Balash makes it sound like the abolition of work, for instance, is a topic alien to the coolies of the Third World. On the contrary, I can’t imagine anybody for whom this notion has more relevance and resonance. Hard work is obviously the source of, not the solution to, their poverty. Recently proletarianized people may also retain memories of the lighter, less time-disciplined, and more ludic work of pre-industrial times or maybe even earlier. They know it wasn’t always this way and maybe doesn’t have to always be this way. These people work, they work hard, but they do not identify with their work and they do not define themselves, as leftists say they should, as essentially workers. The workers know that real life is sometime and somewhere else. Balash’s ideology is extremely, albeit not openly, racist. The colored hordes of Asia and Africa, barely capable of real work, are entirely incapable of rejecting work. It’s all they’re good for. There’s no way they’d ever fathom sophisticated notions like "productive play."

Balash remands the McAnarchists to "a little remedial Aristotle [on] the subject of work." It so happens that I have not only read what Aristotle has to say about work, I have quoted him in support of my point of view: "’the life of money-making’ is ‘undertaken under compulsion.’" The wage-slave is as much of a slave as the chattel slave, according to Aristotle. That is exactly what I’ve been arguing for at least fifteen years. Work, according to Aristotle and the other ancients, is demeaning. On the other hand, Aristotle believed, as I do not, that some people are slaves by nature. Maybe Balash agrees with Aristotle. That would be consistent with his contempt for almost every inhabitant of North America.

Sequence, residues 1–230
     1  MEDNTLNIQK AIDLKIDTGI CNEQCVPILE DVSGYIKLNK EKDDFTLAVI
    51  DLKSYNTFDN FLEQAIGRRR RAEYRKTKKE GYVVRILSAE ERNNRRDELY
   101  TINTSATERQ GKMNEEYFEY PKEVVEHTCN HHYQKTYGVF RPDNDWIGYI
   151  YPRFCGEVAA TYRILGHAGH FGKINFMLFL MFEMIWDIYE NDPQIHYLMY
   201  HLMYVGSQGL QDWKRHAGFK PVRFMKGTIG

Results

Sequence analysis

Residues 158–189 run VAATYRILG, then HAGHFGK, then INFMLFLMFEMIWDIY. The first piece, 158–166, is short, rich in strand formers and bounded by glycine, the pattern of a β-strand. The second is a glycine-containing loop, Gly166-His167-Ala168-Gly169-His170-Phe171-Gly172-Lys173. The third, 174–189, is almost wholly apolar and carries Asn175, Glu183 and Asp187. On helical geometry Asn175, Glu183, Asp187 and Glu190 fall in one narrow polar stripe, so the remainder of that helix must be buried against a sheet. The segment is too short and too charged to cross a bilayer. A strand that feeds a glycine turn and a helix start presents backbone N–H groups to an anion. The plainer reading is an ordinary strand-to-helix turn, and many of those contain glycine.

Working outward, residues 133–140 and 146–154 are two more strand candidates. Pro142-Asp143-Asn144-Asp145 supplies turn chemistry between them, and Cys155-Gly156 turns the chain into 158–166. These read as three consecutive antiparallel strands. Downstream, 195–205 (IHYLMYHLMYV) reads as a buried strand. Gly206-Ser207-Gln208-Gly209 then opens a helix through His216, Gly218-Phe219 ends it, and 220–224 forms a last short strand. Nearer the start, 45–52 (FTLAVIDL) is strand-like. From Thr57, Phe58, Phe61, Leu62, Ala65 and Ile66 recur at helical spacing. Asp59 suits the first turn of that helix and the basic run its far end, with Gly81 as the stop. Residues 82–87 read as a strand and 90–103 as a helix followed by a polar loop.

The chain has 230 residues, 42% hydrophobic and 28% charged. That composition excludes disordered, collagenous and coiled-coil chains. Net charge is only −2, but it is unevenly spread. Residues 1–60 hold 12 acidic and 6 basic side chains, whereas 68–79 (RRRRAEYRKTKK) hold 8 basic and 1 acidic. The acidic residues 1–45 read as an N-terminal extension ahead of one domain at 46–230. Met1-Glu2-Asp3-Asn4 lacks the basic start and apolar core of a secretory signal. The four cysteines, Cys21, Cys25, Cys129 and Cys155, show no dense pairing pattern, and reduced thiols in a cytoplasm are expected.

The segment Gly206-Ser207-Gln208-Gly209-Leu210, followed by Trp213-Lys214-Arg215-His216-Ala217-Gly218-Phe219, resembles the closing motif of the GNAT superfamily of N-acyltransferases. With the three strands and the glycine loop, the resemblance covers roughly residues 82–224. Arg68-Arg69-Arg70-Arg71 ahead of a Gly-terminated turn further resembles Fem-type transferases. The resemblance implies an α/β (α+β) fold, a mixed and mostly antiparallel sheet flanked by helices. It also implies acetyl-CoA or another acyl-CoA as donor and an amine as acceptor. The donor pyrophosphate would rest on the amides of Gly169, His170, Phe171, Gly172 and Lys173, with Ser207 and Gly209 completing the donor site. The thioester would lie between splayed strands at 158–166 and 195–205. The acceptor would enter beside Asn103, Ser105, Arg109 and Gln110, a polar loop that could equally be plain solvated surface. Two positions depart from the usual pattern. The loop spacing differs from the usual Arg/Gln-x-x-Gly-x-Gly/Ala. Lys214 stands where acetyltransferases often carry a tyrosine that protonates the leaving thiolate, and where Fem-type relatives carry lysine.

Lies, Damned Lies, and No Statistics

Since Balash, adducing no example, disparages my footnotes and Zerzan’s, he should have been careful about his own after seeing what I did to Bookchin’s footnotes in Anarchy after Leftism. The normal function of footnotes is to refer the reader to sources said to support the author’s point. Balash ‘s footnotes discourage rather than facilitate checking up on him. His unpaginated quotations from The Abolition of Work are attributed, not to the book (published 12 years ago) but to an unidentified Internet posting. Ditto for a quotation from Hakim Bey’s T.A.Z.: " Pay for this swill? I think not." Indeed, Balash thinks not, nor does he want anybody else to think, only to believe. Instead he surpasses Bookchin’s sloppiness and kicks it up to fraud. It seems he can reference quotations from Bey after all when it suits him. On page 44 of TA.Z. Bey supposedly says that historical models of rebellion are "deaf to the music & lack all sense of rhythm." No such words appear on that page of T.A.Z. (or that page of Immediatism). Two further citations, even less likely, are attributed to pages 45 and 46, where I can find no support for them.